With in-flight Internet, unless you can make money on it, why the heck would you provide it? If passengers aren't willing to pay for it, what's the point?
Ku-band connectivity is a great promise, loads of bandwidth - that's fantastic. But how many people on the aircraft are going to pay to use it?
If you look at the usage, I'll bet you'll have one, two, three or four high-end users who will use loads of bandwidth, while others will do a couple of emails. You won't have a lot of people doing streaming video and Skype because very few people actually do that. If you're an airline, why would you bolt on that [Ku-band] solution if you're going to have three to five users?
These are just some of the questions that Lars Ringertz would like to see answered.
You've no doubt heard of Ringertz, Inmarsat's head of marketing aeronautical business. He has been running the speaking circuit like nobody's business. From Vancouver to Hong Kong - and loads of places in between - the man has been getting the word out about Inmarsat's 432kbit/sec SwiftBroadband solution.
SwiftBroadband does not give passengers the same sort of high-speed Internet experience they're accustomed to having on the ground; rather it can support a 'lite' Internet experience, or managed Internet such as Arinc's Oi offering (which adds cached content for punch), while simultaneously supporting voice and data capabilities.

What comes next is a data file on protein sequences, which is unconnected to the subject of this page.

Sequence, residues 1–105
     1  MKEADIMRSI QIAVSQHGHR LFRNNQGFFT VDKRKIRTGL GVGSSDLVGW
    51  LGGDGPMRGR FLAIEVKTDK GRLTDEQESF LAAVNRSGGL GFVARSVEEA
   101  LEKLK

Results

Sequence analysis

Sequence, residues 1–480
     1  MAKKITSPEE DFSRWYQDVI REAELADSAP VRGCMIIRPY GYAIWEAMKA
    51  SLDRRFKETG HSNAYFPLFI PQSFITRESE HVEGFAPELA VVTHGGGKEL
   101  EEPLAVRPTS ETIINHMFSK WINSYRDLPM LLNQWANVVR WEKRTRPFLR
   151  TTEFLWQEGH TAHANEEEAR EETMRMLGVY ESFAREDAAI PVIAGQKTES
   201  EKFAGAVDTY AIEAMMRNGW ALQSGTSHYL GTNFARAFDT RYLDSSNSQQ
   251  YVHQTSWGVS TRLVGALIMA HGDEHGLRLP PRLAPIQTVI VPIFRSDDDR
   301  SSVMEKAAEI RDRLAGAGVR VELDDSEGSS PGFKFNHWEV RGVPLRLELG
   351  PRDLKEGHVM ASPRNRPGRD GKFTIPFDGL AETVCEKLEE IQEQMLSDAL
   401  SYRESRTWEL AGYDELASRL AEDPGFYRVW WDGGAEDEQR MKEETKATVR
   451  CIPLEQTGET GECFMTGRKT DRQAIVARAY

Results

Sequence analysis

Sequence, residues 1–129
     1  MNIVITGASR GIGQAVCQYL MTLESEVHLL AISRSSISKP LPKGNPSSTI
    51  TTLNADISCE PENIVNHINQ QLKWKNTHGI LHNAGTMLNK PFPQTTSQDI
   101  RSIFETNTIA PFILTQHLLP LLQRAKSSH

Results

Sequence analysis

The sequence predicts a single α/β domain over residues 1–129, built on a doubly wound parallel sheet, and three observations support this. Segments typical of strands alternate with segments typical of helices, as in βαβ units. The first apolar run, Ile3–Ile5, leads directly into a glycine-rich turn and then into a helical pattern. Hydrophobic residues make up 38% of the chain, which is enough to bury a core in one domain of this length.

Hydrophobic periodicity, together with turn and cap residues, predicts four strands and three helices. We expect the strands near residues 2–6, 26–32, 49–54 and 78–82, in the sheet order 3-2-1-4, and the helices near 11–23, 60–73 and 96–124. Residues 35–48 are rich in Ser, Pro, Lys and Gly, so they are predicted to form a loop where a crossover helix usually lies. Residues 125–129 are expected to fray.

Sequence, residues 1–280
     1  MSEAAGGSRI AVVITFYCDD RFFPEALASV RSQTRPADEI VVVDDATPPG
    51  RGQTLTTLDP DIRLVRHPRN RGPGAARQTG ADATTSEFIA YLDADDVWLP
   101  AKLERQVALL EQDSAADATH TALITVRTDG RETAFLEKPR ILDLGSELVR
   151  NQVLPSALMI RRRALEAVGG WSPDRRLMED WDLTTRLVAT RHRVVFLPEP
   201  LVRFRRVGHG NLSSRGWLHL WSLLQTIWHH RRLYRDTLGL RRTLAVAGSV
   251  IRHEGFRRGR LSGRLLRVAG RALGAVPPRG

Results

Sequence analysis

But do you really need to be the slickest kid on the block to get some action? And do carriers really need to offer high-speed Internet to passengers in order to keep them satisfied?
Ringertz doesn't think so (as you'd expect considering his title). During a cracking interview this week, Ringertz said: "We're not sexy and we're not possibly the flavour of the day but the certified avionics list is constantly getting longer. Nobody is paying these manufacturers to get type-approved on multiple aircraft. They are independent companies. They do it because this is the mainstream solution. In that respect it is business as usual for us," says Ringertz.
He suggests that it's very easy to get carried away with the discussion about in-flight Internet at the moment because air-to-ground (ATG)-based Aircell and Ku-band-based Row 44 "have been extremely successful with their announcements".
But the Inmarsat executive is not convinced that enough people will pay for Ku-band service to make it a viable business model in the near-term.
"Getting people to change their behaviour and start spending money in a different way is very difficult. Yes, you have road warriors whose behaviour is to pay for Internet in hotels and when they are out and about, and yes you might be able to do that, but when mom and pop are flying, it might not be part of their spending habits," he says.
So if passengers won't pay for Ku-band, who will? Says Ringertz: "At the end of the day, it's about who is putting the hand in their pocket, which is why new technology is fantastic but it has to be something very tangible as a benefit for you, the airline, to do it."